This article was published by Capital & Main.
“Uncomfortable. Busy. Crazy. Unstable.” That’s how Latoya Murray describes working at a Los Angeles grocery store these days. Murray has been a security guard at the Ralphs on Western and Wilshire for the last year. Apart from the high stress and a few health safety fixes, she said her job hasn’t changed much since the COVID-19 pandemic began.
“We have one exit and one entrance. We have to sanitize everything. That’s the only thing that’s different. The doors and the line,” she said. Otherwise, she’s expected to go on with her job.
Grocery and pharmacy store employees are among those “essential workers” still at work while most Californians have been ordered to stay at home.
“They’re asking them to come in to serve the community, which they’re doing heroically, with determination, amidst a frustrated, angry, anxious, frightened public,” said John Grant, the president of the United Food and Commercial Workers Local 770 union, which represents 31,000 retail employees in Southern California. (Disclosure: The UFCW is a financial supporter of Capital & Main.)
Given the risks these workers face, local UFCW union leaders across the Golden State are calling on Gov. Gavin Newsom to designate grocery and pharmacy store employees as “emergency personnel” and establish stronger statewide protections for their safety and that of the communities they serve.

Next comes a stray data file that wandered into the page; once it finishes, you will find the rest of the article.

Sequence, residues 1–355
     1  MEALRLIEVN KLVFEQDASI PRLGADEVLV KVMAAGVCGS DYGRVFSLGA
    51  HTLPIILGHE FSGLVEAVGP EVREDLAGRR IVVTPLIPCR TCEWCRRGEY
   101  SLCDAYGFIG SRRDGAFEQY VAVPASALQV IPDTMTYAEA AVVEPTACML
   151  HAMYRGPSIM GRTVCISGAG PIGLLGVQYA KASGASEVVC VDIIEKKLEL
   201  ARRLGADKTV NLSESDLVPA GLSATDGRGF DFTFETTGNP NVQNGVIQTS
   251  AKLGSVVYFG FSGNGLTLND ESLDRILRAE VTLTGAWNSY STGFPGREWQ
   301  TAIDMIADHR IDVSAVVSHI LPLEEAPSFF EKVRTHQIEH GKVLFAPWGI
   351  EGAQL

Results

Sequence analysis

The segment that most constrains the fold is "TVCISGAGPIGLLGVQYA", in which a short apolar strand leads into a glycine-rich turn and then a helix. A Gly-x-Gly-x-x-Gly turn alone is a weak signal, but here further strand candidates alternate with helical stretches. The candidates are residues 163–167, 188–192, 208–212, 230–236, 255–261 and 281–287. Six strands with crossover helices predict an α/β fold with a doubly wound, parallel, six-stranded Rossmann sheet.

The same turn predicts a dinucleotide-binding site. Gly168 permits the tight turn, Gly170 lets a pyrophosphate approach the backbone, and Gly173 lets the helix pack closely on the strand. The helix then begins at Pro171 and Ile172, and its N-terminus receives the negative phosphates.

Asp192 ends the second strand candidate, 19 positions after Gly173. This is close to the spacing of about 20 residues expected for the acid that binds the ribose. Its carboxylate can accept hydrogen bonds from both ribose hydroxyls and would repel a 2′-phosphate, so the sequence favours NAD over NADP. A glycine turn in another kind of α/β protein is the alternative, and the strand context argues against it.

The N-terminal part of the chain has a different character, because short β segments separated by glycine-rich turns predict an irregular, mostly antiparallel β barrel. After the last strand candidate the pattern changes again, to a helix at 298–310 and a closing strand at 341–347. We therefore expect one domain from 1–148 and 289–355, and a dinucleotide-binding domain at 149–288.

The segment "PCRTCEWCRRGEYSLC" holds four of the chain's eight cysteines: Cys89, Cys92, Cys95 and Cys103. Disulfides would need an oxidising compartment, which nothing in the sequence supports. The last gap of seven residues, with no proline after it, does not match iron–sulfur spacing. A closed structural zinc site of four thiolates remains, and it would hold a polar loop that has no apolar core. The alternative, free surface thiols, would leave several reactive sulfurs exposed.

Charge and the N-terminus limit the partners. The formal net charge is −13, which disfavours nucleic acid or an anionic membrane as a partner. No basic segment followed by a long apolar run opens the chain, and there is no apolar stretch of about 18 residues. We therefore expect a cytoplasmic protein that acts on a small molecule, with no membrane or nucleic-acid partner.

Some states, like Vermont, Michigan and Minnesota, recently reclassified their grocery store employees as emergency responders, making them eligible for paid childcare services while schools are shuttered during the health crisis.
Classifying California’s grocery and pharmacy workers in this way would not only provide them with paid childcare, but also entitle them to testing and heightened protective measures like masks when they become available, said Andrea Zinder, the president of the UFCW Western States Council and Local 324, which represents more than 20,000 workers in Orange and southern Los Angeles Counties.
Zinder said that at the start of the shelter in place order, “It was pretty bad in the stores.” There was little crowd control, which meant that masses of people were gathering without practicing the social distancing recommended by the Centers for Disease Control and Prevention.
“There was very little personal protection and opportunity to wash hands. Sanitizer was in short supply,” Zinder said. The union has requested worker access to personal protective equipment like masks and gloves, breaks every 30 minutes to wash their hands and improved crowd control measures.
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Many of the largest grocery and pharmacy chains across the state, and the country, are rolling out increased protective measures.
Two major grocery chains with locations across California — Kroger (which includes Ralphs and Food 4 Less) and Albertsons (which includes its namesake market, Vons and Pavilions) — are installing plexiglass partitions known as “sneeze guards” at the checkout lines of all their stores. They’ve also reduced store hours to make time for deep cleaning, among other changes.